Of the total disease burden in India in 1990, a tenth was caused by a group of risks including unhealthy diet, high blood pressure, high blood sugar, high cholesterol, and overweight, which mainly contribute to ischaemic heart disease, stroke and diabetes.
The contribution of this group of risks increased massively to a quarter of the total disease burden in India in 2016. The combination of these risks was highest in Punjab, Tamil Nadu, Kerala, Andhra Pradesh, and Maharashtra in 2016, but importantly, the contribution of these risks has increased in every state of the country since 1990.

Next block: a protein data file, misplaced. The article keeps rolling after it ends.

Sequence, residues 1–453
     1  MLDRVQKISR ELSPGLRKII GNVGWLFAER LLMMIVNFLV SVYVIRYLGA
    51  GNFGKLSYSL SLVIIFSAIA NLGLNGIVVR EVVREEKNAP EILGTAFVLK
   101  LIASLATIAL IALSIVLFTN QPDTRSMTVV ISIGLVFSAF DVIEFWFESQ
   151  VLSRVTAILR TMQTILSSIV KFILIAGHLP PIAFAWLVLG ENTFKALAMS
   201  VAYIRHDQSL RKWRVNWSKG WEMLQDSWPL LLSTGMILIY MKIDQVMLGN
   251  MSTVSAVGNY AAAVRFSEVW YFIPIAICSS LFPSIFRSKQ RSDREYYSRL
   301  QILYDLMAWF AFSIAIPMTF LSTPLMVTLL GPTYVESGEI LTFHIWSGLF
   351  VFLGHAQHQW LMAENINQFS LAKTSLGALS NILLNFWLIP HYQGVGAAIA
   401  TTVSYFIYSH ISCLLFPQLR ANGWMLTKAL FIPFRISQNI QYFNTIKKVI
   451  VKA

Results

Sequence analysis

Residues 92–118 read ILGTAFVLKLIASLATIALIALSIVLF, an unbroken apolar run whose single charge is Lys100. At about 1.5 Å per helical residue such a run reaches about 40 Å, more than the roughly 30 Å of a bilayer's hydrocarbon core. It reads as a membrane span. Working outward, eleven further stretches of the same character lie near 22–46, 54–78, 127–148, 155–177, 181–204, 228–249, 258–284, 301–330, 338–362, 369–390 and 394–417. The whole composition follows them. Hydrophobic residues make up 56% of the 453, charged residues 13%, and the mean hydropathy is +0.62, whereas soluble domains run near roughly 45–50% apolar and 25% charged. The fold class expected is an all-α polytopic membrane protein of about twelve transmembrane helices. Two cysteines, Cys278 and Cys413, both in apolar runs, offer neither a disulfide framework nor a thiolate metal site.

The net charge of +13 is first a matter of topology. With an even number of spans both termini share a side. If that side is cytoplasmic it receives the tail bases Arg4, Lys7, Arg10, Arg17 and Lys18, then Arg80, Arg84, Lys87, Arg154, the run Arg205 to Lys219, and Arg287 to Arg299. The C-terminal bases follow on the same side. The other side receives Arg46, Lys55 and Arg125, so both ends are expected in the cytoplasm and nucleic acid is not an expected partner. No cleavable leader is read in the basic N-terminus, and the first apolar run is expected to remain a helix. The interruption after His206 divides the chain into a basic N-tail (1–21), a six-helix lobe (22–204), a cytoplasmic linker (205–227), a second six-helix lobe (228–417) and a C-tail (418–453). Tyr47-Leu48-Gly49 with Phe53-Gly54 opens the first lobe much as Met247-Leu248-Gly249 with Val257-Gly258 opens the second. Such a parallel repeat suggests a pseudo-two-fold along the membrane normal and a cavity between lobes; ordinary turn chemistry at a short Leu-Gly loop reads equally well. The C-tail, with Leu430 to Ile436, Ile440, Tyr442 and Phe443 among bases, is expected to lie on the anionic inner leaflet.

The other significant contributor to cardiovascular diseases and diabetes, as well as to cancers and some other diseases, is tobacco use, which was responsible for 6% of the total disease burden in India in 2016. All of these risks are generally higher in males than in females.
The sweeping increase of the burden due to this combination of risks in every part of the country indicates emphatically that major efforts need to be put in place to control their impact in every state before the situation gets totally out of control.